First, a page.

Click here for more information:
A CLASS SET
A Place for New Teachers, Student Teachers, and Interns
And Running A Medieval Fair
Frank Holes, Jr.
Running large events, such as a medieval
fair, at school is often too much for most teachers to attempt.
However, with careful planning, and some well directed help, you
can orchestrate a successful, educational, and memorable
experience for your students.
Running large events, such as a medieval fair, at school is often too
much for most teachers to attempt. However, with careful planning, and
some well directed help, you can orchestrate a successful, educational,
and memorable experience for your students. This article, second in the
series, describes how you can utilize the help of outsize sources.
Once the day is underway, your job becomes that of a facilitator.
You'll want to move about checking on your students at each group or
station. You'll also need to be available to help and support your
guests with their needs. For example, our calligraphy station ran out of
practice writing sheets, so one of the teachers had to go make copies.
Be flexible, and always remember you're setting up a grand experience
for the students. This becomes an example of servant leadership, where
you and your fellow teachers are enabling the groups to succeed so the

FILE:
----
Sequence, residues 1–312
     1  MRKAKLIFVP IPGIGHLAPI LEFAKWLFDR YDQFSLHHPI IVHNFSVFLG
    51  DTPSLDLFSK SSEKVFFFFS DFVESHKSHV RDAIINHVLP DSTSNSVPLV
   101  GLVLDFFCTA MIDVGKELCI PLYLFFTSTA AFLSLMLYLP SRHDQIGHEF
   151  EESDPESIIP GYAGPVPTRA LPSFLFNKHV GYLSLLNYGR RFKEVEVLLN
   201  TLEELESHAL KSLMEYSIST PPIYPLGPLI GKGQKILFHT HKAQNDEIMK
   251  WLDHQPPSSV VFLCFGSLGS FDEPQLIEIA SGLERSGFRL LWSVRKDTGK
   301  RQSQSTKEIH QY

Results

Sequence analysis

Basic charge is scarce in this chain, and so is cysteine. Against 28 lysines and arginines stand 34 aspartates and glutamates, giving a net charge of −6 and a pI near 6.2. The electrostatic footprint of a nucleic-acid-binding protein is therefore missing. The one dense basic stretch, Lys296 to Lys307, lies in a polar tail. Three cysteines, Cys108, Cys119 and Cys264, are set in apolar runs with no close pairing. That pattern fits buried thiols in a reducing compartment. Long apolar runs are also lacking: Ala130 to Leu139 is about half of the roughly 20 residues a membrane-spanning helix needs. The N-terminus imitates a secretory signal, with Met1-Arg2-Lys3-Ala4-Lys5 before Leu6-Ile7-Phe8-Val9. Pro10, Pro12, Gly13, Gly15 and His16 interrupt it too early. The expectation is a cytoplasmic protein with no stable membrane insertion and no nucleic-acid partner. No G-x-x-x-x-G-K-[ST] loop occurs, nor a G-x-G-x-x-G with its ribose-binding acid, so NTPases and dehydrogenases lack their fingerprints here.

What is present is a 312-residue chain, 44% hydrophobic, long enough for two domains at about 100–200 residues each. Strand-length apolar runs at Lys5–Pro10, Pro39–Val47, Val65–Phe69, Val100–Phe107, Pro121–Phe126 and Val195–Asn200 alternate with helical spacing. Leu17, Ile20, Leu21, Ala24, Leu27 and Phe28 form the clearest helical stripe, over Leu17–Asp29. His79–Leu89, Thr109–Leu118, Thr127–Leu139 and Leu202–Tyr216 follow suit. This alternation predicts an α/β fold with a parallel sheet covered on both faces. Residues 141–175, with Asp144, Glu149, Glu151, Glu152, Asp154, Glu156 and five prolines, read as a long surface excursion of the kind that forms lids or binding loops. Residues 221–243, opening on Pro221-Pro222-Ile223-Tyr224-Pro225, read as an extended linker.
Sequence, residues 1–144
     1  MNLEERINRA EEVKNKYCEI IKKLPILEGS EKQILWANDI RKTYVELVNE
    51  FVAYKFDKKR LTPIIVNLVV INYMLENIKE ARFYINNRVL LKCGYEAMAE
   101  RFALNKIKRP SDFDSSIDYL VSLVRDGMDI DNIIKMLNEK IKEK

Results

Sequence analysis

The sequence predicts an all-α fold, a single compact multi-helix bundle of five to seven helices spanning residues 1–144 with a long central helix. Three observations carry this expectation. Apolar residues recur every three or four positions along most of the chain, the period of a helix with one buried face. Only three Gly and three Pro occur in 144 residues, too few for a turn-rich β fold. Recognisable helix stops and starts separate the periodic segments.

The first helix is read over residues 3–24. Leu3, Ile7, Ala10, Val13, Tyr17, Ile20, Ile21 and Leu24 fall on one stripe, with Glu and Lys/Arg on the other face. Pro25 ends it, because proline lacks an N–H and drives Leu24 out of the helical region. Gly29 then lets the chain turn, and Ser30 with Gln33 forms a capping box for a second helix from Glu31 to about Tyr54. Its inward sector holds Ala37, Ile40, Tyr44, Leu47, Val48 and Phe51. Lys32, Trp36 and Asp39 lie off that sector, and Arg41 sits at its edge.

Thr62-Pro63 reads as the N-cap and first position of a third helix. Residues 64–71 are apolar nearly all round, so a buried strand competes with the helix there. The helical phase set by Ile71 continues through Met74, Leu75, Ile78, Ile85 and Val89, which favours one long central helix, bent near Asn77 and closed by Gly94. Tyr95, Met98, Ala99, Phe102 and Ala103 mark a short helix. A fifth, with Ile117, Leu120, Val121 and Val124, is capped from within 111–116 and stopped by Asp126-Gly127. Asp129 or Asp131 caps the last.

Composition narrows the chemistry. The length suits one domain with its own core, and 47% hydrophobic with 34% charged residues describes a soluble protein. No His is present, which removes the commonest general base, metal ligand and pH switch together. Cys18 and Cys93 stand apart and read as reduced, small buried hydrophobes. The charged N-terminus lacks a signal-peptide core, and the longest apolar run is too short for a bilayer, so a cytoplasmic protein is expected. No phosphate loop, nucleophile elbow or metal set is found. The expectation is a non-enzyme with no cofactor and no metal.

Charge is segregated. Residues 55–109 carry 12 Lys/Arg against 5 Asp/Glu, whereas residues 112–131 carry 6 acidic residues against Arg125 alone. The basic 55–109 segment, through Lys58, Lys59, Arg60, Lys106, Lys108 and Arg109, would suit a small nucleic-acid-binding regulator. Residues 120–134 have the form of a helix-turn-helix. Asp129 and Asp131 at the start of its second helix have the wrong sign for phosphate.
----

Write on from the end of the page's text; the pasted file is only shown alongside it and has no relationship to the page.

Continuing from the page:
During the morning, we met our helpers and re-enactors and got them in
place. Students were instructed ahead of time here they would go first,
and what their rotation was. Once the day is underway, the teachers are
free to move about, monitor the students and groups, and participate
alongside the kids.
A little before lunch, one of our teachers began working with the school
cooks to coordinate lunch. Our feast is always held in our gym alongside
the activities. We try to plan a whole group activity (singing, dancing,
games, etc.) in the 10-15 minutes before lunch so our stations can clean
up and we can set up our feast tables.
Depending on our overall set up, our feast is set up either in a long
line or a traditional horseshoe shape. Set this up (in the background)
while the students are engaged in another activity. This will keep them
in the same train of thought and in the same location (it's not really
authentic to immerse the kids in the middle ages only to bring them back
to a modern day lunchroom).
You'll want a plan for your lunch line. We always make a point of
feeding our volunteers first, followed by the girls (carefully observe
the ideals of chivalry), and lastly the boys. We teachers eat once
everyone has gone through the line.
After students are finished eating, we have another short sponge
activity (dancing, singing, games, etc.) while we clean up the lunch
tables and return the foodstuffs and equipment to the kitchen. This way
again the students stay immersed in the activity while re-arrangement
and cleaning occurs in the background.
Our afternoon resumes with more medieval festivities. Finish up your
stations if necessary. This past year we had a community acting group
put on a presentation of Robin Hood, and we invited our 5th and 6th